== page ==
Ceuta’s economy contracts 40% after Morocco closes borders
The governor, known for hostile stands against Morocco, called on the EU to adopt reciprocal stands against the North African Kingdom.
Morocco has closed its borders with Spain to avert a surge in coronavirus especially when Spain registered one of the highest infections and death rates globally.
Morocco has also decided to take strict measures against all sorts of smuggling, which obviously represented an added value for trade in the enclave and a detrimental aspect for the Moroccan economy.
Juan Vivas on multiple occasions described Moroccan measures to curb smuggling as steps that would asphyxiate the economy of the occupied enclave.
He has promised alternatives to trade with Morocco including boosting exchange with mainland Spain and the EU.
Morocco has also banned container trucks from crossing the borders of Ceuta and Melilla especially after it built world-class ports in Tangier and Nador.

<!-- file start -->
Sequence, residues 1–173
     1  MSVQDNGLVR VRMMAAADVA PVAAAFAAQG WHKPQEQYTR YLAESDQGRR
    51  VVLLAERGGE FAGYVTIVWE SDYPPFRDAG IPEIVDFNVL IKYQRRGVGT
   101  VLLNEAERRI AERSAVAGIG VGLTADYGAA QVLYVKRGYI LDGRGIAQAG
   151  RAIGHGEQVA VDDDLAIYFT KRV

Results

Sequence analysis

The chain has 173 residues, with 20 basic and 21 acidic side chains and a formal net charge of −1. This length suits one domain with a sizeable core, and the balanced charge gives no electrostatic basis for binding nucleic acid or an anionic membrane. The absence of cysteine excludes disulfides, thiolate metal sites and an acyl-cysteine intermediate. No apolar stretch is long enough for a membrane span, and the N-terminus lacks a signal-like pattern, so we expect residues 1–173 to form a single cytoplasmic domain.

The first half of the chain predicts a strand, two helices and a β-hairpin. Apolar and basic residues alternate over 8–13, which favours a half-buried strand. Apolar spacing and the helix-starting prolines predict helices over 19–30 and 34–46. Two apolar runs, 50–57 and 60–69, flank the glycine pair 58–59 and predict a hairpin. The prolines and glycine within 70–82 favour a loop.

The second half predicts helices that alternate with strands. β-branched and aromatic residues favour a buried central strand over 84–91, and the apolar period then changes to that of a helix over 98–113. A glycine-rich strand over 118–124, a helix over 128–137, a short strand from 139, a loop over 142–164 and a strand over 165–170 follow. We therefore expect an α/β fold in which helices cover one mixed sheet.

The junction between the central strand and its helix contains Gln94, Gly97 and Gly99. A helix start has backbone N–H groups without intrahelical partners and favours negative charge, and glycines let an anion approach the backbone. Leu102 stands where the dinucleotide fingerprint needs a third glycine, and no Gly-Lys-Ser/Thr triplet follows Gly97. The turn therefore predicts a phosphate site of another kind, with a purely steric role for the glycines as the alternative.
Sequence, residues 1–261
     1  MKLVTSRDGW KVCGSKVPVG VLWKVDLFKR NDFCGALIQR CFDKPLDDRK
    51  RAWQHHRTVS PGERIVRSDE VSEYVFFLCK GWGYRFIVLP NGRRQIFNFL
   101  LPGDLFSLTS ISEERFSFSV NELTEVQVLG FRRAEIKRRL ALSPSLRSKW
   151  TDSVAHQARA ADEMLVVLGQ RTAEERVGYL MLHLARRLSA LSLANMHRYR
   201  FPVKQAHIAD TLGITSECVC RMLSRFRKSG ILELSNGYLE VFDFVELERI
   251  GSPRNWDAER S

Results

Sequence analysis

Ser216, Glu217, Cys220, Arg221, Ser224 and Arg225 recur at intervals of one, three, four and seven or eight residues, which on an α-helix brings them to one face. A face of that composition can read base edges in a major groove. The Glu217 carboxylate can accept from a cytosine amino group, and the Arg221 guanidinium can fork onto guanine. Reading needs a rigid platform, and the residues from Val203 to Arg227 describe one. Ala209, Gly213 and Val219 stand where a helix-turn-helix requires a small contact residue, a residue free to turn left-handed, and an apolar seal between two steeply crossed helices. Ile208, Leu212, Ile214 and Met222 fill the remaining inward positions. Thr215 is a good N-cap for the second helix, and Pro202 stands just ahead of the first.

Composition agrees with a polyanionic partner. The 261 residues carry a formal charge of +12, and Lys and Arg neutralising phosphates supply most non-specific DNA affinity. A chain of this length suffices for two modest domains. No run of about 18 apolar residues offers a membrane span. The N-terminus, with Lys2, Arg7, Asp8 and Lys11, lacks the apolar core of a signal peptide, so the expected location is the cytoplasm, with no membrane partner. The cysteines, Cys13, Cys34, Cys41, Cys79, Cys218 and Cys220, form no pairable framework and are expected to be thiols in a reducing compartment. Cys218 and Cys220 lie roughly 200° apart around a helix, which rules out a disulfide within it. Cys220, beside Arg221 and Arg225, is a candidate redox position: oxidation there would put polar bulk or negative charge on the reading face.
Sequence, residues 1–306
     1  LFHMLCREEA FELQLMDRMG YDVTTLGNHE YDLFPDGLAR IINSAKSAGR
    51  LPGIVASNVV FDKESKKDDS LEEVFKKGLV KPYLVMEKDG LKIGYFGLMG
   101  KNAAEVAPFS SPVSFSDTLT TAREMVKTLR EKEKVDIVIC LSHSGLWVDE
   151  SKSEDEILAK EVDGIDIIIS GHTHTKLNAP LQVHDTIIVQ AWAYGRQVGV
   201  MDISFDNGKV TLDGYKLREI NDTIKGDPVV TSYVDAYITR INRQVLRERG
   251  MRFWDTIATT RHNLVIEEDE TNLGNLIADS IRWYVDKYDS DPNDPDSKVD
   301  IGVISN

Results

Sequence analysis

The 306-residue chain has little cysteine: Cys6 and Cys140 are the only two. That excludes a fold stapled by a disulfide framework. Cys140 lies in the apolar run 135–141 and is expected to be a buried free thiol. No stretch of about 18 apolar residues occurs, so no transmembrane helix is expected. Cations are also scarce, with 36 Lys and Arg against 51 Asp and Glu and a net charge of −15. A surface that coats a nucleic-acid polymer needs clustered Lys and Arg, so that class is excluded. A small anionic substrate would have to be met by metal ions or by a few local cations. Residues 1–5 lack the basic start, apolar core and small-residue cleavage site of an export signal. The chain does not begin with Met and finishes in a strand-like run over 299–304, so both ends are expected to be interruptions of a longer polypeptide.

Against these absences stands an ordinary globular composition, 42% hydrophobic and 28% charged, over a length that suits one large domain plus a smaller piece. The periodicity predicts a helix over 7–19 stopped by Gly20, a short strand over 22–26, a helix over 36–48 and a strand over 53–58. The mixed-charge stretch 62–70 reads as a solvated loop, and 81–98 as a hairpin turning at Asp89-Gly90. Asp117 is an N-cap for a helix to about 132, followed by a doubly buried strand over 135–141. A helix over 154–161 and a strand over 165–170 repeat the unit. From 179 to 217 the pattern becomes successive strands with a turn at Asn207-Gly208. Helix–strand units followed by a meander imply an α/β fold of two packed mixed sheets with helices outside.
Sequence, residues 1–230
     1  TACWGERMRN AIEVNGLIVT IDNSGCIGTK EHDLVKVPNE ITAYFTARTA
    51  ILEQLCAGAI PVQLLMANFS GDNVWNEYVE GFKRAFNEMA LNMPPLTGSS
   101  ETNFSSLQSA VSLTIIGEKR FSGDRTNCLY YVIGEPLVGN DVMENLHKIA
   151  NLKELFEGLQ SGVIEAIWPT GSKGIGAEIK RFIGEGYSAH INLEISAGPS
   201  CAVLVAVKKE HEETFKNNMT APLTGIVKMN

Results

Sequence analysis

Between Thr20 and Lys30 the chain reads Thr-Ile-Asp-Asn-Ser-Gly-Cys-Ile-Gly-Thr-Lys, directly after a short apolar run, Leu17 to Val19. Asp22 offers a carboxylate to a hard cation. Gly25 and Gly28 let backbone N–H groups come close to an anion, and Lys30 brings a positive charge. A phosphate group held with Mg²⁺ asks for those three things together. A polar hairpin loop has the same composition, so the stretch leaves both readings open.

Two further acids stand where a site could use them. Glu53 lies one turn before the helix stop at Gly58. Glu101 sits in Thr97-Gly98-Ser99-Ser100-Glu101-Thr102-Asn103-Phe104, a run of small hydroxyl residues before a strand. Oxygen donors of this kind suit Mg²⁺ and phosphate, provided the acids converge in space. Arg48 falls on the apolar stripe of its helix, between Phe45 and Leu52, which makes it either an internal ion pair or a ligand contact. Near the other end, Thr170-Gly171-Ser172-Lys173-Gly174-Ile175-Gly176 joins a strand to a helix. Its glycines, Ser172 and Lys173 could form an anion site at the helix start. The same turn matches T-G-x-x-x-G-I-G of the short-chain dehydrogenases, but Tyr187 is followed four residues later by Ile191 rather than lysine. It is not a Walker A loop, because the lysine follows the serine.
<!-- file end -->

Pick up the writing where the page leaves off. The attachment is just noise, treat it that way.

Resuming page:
To provide better and legal job opportunities for thousands of people who have practiced subsistence smuggling, Morocco decided to build an industrial zone in Fnideq.
Morocco has for long ignored the impact of such smuggling which seems low scale at first although the aggregated impact results in numerous job losses in Moroccan industrial fabric and revenue losses.
The Moroccan economy loses up to 12.5 billion dirhams annually to smuggling originating from the Spanish occupied cities of Ceuta and Melilla while Spain gains 700 million euros in profits.
In 2007, Ceuta was at the heart of a row after Morocco protested against the visit by then King Juan Carlos. A diplomatic frost develops whenever a senior Spanish official announces a visit to the occupied city.